Mobilize Personal Website Students will develop a mobile version of a website. They will learn the current best practices, creating a site that degrades gracefully to work on the widest range of mobile handsets.

Final Documentation. All web-based projects completed during this course are required to be hosted and live at students’ web domains. Additionally, students will maintain a work list containing all of your work from the course: research, inspiration, process diagrams, schematics, design iterations, screenshots, code snippets, and more. Specific requirements will be given at a later date. Additionally, all project files must be submitted along with the final project.

EVALUATION & GRADING
• All work assigned will be completed and delivered on the due date, otherwise you will receive a failing grade for that assignment. In other words, late work will not be accepted. All work must be turned in at the beginning of class or it will be considered late (unless otherwise instructed).
• Makeup assignments are only available when discussed with and approved by the instructor in advance of the due date.
• Each student will be judged on the application of the ideas and concepts introduced during the course. Incomplete or unsatisfactory work will receive a failing grade.
Your final grade will be based upon a combination of qualitative and quantitative evaluation of your performance:

Short-term Assignments (homework) – 20%
WordPress setup and customization – 25%
Final Documentation, Mobile Website , Final Project – 55% (Midterm due after spring break)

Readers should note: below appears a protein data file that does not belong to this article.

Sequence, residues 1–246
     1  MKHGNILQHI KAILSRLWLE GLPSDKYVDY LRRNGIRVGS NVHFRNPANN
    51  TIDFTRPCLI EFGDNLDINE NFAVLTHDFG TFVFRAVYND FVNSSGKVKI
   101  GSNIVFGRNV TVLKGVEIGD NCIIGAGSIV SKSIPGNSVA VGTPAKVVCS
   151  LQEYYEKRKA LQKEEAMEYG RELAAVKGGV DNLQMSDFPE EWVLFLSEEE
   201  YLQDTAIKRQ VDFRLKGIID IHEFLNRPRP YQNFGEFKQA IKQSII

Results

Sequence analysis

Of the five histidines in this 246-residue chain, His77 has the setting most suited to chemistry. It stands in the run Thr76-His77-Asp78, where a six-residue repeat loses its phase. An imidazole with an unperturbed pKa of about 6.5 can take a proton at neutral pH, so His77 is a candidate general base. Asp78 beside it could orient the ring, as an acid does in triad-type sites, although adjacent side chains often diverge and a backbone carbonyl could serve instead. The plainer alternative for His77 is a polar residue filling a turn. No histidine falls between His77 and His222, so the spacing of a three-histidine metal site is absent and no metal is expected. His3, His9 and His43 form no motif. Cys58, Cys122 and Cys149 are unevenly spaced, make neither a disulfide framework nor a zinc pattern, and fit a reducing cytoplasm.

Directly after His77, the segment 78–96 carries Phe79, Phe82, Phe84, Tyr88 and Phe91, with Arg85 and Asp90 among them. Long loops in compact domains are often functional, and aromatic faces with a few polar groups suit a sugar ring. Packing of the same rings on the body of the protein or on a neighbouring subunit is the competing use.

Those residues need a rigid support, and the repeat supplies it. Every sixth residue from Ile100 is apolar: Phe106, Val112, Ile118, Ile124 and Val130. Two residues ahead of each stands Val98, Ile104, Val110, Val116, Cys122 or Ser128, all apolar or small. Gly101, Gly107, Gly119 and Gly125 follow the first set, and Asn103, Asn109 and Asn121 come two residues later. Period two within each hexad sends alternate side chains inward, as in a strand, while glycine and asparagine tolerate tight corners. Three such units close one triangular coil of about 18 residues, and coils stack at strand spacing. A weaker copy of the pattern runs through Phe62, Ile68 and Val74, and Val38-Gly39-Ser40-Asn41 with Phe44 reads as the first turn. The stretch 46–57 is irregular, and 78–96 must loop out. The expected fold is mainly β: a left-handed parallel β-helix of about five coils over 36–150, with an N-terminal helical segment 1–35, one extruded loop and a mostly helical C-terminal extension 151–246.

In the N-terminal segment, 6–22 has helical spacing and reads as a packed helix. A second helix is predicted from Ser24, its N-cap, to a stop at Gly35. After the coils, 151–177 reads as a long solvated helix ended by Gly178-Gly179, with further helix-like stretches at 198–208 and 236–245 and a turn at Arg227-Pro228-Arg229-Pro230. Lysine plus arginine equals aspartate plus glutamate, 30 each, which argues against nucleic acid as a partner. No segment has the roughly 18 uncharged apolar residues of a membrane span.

As well as a qualitative evaluation:
• A – Excellent
Performance and attendance of the student has been of the highest level, showing sustained excellence in meeting course responsibilities.
• B – Very Good / Good
Performance and attendance of the student has been good, though not of the highest level.
• C – Satisfactory / Average
Performance and attendance of the student has been adequate, satisfactorily meeting the
course requirements.
• D – Poor / Below Average
Performance and attendance of the student has been less than adequate.
• F – Unacceptable
Performance and attendance of the student has been such that course requirements have not been met.

ID Program Standard Attendance Policy
All students are expected to attend classes regularly and promptly, and for the duration of the class.

Attendance will be taken of every class. Each unexcused absence beyond TWO (2) will result in an automatic drop in the final grade by one whole letter grade (i.e. from a final grade of “B” to a“C”). 15 minutes late will count as an absence. If students are delayed or not able to attend contact the department administrator before class starts. If you miss a class, you are responsible for having the appropriate work completed for the next class period. Attendance is also mandatory at all class presentation dates and for the duration of all presentations.

UArts Policy on Absences